This very impressive museum, recently moved to the Beijing’s avant-garde building New Poly Plaza and located in
the 8-story lantern which literally hangs from the main structure, was established in 1998 to promote traditional art
and to protect Chinese art from being lost to foreign countries. The museum has focused on the overseas
acquisition of ancient bronzes, sculpture, and painting.
In May 2000, the museum made news headline when it spent $4 million to buy three bronze animal heads (ox,
monkey and tiger) at auctions in Hong Kong. The bronze pig head was donated to the Poly Art Museum in 2003.
All four heads are now part of the collections of the Poly Art Museum. The heads had been part of a zodiac
fountain at the Old Summer Palace near Beijing, designed by a European Jesuit in the mid-18th century, and were
looted by French and English troops when they razed the estate in 1860.
The museum is divided into two galleries, one for the display of Chinese bronzes from as early as the Shang
Dynasty (17th-11th century BC), and the other for Buddhist scriptures carved in stone from the Wei, Ji, Tang and
other dynasties. The most rare and valuable single bronze and the most fascinating object to scrutinize is the
ornate bronze ceremonial wine vessel (shenmian you, see the photo below) with the face of a deity and various
birds and other figures and a gorgeous blue-green patina. Unusually well preserved and made with exceptional
skill, it dates from the western Zhou period, from the 11th to 8th centuries B.C.
A photo Gallery of Poly Art Museum Collections
Bronze Wine Vessel “Shenmian You” from Early Western Zhou
Period – Poly Art Museum’s most prized possession
The most important piece to have been returned from overseas to
date is a bronze you with faces of `divinities’ on the lid and body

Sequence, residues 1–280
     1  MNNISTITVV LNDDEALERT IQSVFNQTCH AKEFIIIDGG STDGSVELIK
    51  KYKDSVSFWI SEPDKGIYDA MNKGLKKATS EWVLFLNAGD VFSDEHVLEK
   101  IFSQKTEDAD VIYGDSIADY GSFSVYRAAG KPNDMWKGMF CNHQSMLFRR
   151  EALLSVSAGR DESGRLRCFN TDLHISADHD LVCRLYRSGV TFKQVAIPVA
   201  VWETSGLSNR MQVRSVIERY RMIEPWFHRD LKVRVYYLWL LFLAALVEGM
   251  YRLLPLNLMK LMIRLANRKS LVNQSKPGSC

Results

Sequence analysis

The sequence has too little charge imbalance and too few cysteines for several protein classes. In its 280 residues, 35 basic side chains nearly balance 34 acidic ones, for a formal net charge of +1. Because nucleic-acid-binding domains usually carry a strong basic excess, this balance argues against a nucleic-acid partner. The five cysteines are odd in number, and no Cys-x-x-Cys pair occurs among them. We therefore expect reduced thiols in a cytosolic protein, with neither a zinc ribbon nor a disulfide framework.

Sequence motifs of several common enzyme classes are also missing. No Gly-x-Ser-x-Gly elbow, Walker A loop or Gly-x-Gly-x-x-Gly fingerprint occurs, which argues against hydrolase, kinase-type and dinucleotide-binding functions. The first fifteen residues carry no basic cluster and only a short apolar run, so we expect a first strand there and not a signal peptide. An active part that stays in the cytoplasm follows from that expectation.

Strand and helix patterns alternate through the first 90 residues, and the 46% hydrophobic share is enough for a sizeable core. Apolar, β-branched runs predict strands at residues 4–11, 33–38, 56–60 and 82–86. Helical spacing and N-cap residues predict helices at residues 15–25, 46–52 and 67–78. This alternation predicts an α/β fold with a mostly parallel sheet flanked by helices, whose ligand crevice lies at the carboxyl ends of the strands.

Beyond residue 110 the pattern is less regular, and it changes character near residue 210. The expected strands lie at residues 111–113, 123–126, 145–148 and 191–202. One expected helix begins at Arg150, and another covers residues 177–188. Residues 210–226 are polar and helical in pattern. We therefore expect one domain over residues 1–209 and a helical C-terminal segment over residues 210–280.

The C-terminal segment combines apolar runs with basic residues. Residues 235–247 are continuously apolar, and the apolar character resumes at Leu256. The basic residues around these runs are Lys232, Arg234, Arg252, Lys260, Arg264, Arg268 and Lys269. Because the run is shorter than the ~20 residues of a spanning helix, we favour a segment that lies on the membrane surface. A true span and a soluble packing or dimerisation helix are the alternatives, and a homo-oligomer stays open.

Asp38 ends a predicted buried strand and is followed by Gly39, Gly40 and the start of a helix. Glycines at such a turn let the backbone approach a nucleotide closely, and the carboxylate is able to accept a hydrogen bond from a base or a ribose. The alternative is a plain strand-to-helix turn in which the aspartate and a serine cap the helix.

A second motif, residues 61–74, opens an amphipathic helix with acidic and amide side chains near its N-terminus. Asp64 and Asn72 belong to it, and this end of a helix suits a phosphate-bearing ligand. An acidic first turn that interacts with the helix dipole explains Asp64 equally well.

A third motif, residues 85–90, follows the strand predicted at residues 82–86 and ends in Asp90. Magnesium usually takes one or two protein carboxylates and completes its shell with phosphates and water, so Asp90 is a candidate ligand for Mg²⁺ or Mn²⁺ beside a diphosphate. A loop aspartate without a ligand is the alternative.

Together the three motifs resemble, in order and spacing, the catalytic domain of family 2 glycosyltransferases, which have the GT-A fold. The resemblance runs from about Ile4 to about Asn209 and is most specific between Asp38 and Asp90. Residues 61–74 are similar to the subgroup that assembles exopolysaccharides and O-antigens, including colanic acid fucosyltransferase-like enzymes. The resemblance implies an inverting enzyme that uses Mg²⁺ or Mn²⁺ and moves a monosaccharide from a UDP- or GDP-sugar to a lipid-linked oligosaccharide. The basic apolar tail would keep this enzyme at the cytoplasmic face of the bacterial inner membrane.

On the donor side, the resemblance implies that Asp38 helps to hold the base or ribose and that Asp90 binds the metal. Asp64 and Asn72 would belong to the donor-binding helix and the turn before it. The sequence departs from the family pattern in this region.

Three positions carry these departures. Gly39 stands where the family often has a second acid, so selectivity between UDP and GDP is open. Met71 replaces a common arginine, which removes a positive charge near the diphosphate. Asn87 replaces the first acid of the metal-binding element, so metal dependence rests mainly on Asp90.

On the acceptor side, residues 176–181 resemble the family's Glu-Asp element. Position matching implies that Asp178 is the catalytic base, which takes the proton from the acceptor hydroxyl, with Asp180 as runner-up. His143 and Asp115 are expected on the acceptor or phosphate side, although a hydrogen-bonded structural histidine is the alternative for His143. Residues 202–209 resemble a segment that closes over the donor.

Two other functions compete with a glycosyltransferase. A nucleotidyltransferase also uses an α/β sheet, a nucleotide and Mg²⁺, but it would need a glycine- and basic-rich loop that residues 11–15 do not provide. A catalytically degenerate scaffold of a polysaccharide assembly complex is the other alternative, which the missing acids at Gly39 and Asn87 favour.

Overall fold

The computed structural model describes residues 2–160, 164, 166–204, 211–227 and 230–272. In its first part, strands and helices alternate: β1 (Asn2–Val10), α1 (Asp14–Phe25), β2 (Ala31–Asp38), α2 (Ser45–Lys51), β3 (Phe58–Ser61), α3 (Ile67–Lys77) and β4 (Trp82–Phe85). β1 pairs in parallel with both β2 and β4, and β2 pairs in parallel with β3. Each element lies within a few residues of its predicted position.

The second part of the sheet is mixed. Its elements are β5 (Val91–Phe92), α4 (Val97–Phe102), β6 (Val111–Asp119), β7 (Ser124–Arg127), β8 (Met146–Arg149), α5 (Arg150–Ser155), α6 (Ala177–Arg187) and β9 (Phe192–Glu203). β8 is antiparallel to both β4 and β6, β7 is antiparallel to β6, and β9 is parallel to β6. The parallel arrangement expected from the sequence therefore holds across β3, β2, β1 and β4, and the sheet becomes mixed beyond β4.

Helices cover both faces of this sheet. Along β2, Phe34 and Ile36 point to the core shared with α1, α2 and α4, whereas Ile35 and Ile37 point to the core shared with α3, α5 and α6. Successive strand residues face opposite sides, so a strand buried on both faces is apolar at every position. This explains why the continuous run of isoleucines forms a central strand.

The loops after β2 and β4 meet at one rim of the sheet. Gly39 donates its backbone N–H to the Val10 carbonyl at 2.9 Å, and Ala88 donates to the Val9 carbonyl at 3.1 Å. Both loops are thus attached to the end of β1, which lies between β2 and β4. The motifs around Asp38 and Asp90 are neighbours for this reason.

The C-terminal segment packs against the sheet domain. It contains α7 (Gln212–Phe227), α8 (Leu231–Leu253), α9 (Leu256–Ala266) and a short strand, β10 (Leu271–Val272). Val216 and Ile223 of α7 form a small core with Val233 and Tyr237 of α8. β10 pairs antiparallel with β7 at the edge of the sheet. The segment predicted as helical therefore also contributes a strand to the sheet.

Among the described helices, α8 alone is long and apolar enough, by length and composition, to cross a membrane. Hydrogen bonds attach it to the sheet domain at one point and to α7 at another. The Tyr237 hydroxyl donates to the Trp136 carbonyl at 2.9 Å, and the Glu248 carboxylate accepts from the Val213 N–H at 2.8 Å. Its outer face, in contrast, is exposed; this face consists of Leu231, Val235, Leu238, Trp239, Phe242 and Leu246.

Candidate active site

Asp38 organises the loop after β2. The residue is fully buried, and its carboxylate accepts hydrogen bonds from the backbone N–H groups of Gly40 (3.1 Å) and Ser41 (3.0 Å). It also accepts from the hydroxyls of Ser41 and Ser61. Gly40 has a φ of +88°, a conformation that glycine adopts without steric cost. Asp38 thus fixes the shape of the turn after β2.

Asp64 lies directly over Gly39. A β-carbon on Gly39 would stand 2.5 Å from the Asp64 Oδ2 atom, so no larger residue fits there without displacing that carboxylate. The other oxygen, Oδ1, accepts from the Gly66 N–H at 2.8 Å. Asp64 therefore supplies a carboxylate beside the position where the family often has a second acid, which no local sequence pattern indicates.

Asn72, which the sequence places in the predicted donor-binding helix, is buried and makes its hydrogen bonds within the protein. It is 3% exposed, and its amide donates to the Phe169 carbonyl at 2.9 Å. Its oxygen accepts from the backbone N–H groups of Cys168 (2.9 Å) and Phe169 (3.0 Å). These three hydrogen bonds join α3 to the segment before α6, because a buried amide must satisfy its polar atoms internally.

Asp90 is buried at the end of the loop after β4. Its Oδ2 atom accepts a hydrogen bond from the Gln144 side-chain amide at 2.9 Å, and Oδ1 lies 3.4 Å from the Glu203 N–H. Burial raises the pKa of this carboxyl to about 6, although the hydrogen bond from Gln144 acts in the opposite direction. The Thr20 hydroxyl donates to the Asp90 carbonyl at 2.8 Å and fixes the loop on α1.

and is believed to have originated in Shaanxi province and was
acquired in Hong Kong. There are identical inscriptions of five
characters in two rows inside the lid and on the base. The vessel
has been ascribed to the early Western Zhou period on the basis
of its style and the form of the characters. The overall composition
of this you is very unusual, but authenticators are convinced it is
genuine. It is generally believed in the purchase price for the you
was around RMB8 million.
The Chinese started to worship the phoenix as the guardian
spirit of the nation more than 3,000 years ago, even before they
began to adore the dragon.
The extremely beautiful phoenix wine vessel (Zun), 49
centimetres tall and 41 centimetres long, is almost three times
the height of the two thought to be in the United States, which
are both apparently only 17.5 centimetres tall. It can be dated
back to the Western Zhou Dynasty (1046-771 BC).
The bronze wine vessel is in the shape of a phoenix standing
with its head raised, eyes opened wide, wings and tail spread.
The “phoenix” has a crest in the shape of a blooming flower on
the top of its “head.” And on its “back” there is a smaller
“phoenix” standing leisurely with its wings nestled against its
“belly.” The smaller bird functions as a handle on the top of the
vessel’s cover, which is part of the large bird’s back. Complex
and exquisite patterns, including dragons, cover the two birds’ bodies.
Set of Eight Western Zhou-period rongsheng yong bells
Largest bell: height 51.7 cm
The bells are unusual in that they form a complete set, which is
confirmed by the 154-character inscription, sections of which
appear on each of the bells. The inscription includes the name
Rong Sheng, the ruler of the Rong state. Each bell is capable of
producing two notes.